A derecho‡ in northern Wisconsin hit a community in 2019. The linked article is a review of plans and the aftermath. Commentary: Lessons Learned From Disaster Response - The Daily Yonder
They say what doesn't kill you makes you stronger. Here are some lessons learned from one area's natural disaster to help your rural community be better prepared - and maybe duck a few blows.
Plans and contact information must be kept up to date. Communication may be via means you are not used to using. Information is hard to come by, power will be out, even The Red Cross will have trouble getting relief to an area.
Anyway, click thru. It is mostly from the point of view of a rural municipality, but there are some things for the population to consider, and you can probably come up with how you would respond.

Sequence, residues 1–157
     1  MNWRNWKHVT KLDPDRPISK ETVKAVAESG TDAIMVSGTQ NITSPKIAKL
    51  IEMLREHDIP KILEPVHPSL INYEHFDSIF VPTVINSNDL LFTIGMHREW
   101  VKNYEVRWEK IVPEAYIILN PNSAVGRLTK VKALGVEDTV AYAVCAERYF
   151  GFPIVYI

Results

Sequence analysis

The basic message for the population: you might be on your own for a few days, or more. Be prepared.
‡ derecho - definition courtesy of the National Weather Service:
A derecho (pronounced similar to "deh-REY-cho") is a widespread, long-lived wind storm that is associated with a band of rapidly moving showers or thunderstorms. Although a derecho can produce destruction similar to the strength of tornadoes, the damage typically is directed in one direction along a relatively straight swath. As a result, the term "straight-line wind damage" sometimes is used to describe derecho damage. By definition, if the wind damage swath extends more than 240 miles (about 400 kilometers) and includes wind gusts of at least 58 mph (93 km/h) or greater along most of its length, then the event may be classified as a derecho.